Woolery to retire; leaves behind legacy

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Taylor Tasaka

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Woolery speaks at the beginning of  a Jazz concert in March 2017.

Woolery speaks at the beginning of a Jazz concert in March 2017.

Gracie Hammond

Gracie Hammond

Woolery speaks at the beginning of a Jazz concert in March 2017.

Before teaching Jazz and Concert Band for 34 years, Keith Woolery found his own niche on the road. Touring for years at a time, Woolery believes he has enough stories about life on the road to write a novel.

After college, Woolery and his wife Donna began a new adventurous chapter–‘The Keith Woolery Show Band.’ Multiple other members filtered in and out of the band, and most had the ability to play a multitude of instruments. Donna herself could be known to play the trumpet and the keyboard simultaneously.

For years on end, The Keith Woolery Band would travel 49 to 52 weeks per year, playing a various set of show tunes five or six times a week.

You could say I have students that know me better than my grandchildren, and it’s true.”

— Keith Woolery

“We spent a lot of nights just driving all night, covering 800 miles or so. That was not unusual. We lived in hotels or Donna and I would stay in our trailer with our dogs. With the type of places that we were performing we could spend a month somewhere or just a day,” Keith said.

Within their travels, ‘The Keith Woolery Show Band’ covered 39 states and also performed in Canada. The group played a variation of genres, but while in the South Padre Island, chose a diverse range of music that appealed to their audience.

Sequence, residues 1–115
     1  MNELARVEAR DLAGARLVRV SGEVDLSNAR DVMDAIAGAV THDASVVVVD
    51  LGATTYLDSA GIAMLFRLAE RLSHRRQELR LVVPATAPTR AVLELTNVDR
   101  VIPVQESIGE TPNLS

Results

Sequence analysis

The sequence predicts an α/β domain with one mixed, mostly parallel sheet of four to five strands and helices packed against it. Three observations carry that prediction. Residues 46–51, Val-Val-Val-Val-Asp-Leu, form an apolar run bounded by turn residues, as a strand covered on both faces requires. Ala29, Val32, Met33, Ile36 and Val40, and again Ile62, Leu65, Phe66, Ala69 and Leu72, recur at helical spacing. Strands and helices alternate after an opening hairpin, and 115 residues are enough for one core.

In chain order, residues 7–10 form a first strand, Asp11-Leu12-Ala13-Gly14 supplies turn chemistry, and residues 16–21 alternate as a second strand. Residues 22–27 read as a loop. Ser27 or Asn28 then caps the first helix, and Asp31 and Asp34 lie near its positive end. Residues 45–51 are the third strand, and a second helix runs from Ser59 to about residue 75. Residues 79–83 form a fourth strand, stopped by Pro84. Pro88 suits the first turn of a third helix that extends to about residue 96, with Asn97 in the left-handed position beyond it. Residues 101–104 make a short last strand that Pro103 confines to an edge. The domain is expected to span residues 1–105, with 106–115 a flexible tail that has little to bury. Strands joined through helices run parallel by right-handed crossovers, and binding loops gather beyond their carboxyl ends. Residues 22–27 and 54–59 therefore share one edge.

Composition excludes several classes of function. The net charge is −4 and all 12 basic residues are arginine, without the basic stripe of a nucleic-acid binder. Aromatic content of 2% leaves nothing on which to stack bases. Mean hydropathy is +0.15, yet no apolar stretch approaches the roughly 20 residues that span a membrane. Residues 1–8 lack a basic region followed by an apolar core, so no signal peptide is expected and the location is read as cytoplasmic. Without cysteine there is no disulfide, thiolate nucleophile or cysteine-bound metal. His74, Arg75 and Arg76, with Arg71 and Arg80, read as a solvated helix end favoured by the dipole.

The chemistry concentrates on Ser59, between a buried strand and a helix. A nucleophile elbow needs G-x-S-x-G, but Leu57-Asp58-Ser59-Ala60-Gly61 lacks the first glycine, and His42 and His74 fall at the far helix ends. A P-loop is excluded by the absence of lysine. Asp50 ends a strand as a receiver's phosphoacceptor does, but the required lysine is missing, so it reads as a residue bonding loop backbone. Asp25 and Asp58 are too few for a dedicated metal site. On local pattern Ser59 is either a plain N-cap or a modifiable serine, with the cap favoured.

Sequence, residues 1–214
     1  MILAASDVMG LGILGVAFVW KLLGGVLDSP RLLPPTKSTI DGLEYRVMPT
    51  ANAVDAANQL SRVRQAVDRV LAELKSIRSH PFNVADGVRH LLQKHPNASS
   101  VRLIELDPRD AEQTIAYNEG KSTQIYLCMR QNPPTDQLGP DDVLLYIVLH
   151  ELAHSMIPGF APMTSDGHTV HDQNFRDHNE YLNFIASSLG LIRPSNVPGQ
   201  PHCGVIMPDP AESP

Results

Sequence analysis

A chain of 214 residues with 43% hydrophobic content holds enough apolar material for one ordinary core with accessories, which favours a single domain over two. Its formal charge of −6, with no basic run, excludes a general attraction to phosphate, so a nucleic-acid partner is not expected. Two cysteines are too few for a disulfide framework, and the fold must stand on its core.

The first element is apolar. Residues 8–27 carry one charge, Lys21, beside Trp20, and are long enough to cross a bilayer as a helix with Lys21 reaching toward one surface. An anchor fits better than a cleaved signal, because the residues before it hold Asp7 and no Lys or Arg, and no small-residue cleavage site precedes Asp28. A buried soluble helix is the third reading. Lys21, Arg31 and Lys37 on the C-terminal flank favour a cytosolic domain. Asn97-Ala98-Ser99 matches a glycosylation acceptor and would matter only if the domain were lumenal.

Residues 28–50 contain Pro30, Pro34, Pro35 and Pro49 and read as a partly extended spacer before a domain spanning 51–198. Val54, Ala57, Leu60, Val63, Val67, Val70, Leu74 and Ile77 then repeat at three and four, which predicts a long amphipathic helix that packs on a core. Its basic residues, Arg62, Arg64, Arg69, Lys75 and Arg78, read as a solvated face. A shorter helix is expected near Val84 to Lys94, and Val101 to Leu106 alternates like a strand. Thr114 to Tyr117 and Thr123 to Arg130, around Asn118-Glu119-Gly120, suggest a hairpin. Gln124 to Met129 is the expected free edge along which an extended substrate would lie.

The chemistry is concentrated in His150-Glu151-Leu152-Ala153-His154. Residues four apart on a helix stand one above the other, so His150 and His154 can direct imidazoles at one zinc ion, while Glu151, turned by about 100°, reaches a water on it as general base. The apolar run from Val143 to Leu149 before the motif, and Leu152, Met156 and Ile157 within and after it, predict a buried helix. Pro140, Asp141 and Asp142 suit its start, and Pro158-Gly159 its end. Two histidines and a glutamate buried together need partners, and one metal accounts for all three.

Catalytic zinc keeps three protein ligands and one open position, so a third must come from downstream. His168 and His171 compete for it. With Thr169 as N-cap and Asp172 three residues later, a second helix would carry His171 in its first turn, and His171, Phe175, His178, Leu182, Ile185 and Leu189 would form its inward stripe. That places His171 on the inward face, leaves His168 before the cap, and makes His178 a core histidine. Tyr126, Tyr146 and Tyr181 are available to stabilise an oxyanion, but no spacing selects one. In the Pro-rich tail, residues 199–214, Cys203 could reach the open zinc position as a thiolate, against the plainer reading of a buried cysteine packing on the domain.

Eventually, the couple wanted children and they decided life on the road was no longer the best fit for them. While in search of a place to settle down, Woolery was offered a teaching position at Newton High School.

“If you didn’t have children [life on the road] would be great. That was the reason we got off the road. We had watched other people attempt to do that and nobody was really successful,” Woolery said. “An opportunity came up to come to Newton High School so I did and Donna followed a year and a half later.”

After this year, Woolery will be leaving behind his students and the life he had while teaching. Woolery feels that he’s made a lasting impact on many students he has taught, and feels that his retirement does not quite fit the classic example.

“I’ve been thinking that out of all my stories from on the road I should write a book. From playing in clubs that were overrun by the mafia and being kicked out of Canada. We just had a lot of interesting experiences,“ Woolery said.

Even after so many years Woolery has said that he doesn’t regret anything regarding his teaching career.

“I haven’t ever had to work for a living so that’s pretty cool. I’ve been getting paid to do something I enjoy doing.”

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Woolery to retire; leaves behind legacy